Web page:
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This article is part of the supplement: The Second Automated Function Prediction Meeting

Open Access Open Badges Proceedings

CORRIE: enzyme sequence annotation with confidence estimates

Benjamin Audit1*, Emmanuel D Levy23, Wally R Gilks45, Leon Goldovsky26 and Christos A Ouzounis267*

Author Affiliations

1 Laboratoire Joliot-Curie and Laboratoire de Physique, CNRS UMR5672, Ecole Normale Supérieure, 46 Allée d'Italie, F-69364 Lyon CEDEX 07, France

2 Computational Genomics Group, The European Bioinformatics Institute, EMBL Cambridge Outstation, Cambridge CB10 1SD, UK

3 Current address: Computational Genomics Group, MRC Laboratory of Molecular Biology, Hills Rd, Cambridge CB2 2QH, UK

4 Medical Research Council Biostatistics Unit, Institute of Public Health, Cambridge CB2 2SR, UK

5 Current address: Department of Statistics, School of Mathematics, University of Leeds, Leeds LS2 9JT, UK

6 Current address: Computational Genomics Unit, Center for Research & Technology Hellas, PO Box 361, GR-57001 Thessalonica, Greece

7 Current address: Institute of Agrobiotechnology, Center for Research & Technology Hellas, PO Box 361, GR-57001 Thessalonica, Greece

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BMC Bioinformatics 2007, 8(Suppl 4):S3  doi:10.1186/1471-2105-8-S4-S3

Published: 22 May 2007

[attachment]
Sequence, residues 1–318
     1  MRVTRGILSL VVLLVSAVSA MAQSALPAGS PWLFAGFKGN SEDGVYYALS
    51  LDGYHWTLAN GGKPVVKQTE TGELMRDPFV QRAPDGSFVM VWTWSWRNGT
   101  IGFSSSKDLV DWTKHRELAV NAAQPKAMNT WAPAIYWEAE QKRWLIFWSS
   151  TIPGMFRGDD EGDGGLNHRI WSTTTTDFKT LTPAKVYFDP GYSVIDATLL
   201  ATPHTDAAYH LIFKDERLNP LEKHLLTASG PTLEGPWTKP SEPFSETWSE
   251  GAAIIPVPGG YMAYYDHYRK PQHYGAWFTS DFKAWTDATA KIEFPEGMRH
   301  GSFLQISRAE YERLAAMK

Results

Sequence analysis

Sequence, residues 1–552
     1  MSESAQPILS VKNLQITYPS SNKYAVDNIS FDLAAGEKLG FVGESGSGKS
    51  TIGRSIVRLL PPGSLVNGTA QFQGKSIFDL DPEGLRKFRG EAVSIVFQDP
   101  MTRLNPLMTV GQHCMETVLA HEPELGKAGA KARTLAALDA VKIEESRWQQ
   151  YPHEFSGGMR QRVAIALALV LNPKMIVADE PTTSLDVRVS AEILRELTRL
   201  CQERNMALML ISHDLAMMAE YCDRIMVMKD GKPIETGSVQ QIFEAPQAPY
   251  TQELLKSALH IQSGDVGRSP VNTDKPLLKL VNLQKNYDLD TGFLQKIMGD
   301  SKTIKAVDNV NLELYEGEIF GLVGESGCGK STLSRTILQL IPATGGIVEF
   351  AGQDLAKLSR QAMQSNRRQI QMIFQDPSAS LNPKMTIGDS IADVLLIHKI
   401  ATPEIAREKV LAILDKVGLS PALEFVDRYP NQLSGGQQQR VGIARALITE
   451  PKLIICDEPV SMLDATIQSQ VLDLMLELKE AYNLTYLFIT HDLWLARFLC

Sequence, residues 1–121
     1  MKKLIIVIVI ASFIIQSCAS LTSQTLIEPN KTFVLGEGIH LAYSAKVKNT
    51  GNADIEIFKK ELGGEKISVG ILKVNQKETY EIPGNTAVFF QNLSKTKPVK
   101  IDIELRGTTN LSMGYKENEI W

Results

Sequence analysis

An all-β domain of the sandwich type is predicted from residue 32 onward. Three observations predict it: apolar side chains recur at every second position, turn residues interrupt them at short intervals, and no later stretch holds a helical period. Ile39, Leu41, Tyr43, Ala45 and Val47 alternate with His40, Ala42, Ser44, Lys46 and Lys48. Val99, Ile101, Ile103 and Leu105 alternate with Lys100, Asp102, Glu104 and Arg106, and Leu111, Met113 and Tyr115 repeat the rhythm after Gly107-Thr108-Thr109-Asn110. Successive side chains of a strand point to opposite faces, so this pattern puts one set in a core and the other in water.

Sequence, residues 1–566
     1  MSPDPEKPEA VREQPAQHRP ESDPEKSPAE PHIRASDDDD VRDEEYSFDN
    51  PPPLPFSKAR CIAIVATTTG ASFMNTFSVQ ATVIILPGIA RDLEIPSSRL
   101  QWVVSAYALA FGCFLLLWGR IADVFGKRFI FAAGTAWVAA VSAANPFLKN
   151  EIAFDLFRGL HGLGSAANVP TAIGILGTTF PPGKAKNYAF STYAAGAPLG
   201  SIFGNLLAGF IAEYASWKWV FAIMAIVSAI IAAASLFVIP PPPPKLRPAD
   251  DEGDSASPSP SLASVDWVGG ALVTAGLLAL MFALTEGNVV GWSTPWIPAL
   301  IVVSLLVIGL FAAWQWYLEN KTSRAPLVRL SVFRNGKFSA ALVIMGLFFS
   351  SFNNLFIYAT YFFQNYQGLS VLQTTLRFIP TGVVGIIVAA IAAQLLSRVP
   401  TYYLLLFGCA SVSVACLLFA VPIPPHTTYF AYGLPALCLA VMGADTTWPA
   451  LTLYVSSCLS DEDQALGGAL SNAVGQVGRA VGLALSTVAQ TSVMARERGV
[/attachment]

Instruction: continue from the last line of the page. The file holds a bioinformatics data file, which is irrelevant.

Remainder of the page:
Using a previously developed automated method for enzyme annotation, we report the re-annotation of the ENZYME database and the analysis of local error rates per class. In control experiments, we demonstrate that the method is able to correctly re-annotate 91% of all Enzyme Classification (EC) classes with high coverage (755 out of 827). Only 44 enzyme classes are found to contain false positives, while the remaining 28 enzyme classes are not represented. We also show cases where the re-annotation procedure results in partial overlaps for those few enzyme classes where a certain inconsistency might appear between homologous proteins, mostly due to function specificity. Our results allow the interactive exploration of the EC hierarchy for known enzyme families as well as putative enzyme sequences that may need to be classified within the EC hierarchy. These aspects of our framework have been incorporated into a web-server, called CORRIE, which stands for Correspondence Indicator Estimation and allows the interactive prediction of a functional class for putative enzymes from sequence alone, supported by probabilistic measures in the context of the pre-calculated Correspondence Indicators of known enzymes with the functional classes of the EC hierarchy. The CORRIE server is available at: webcite.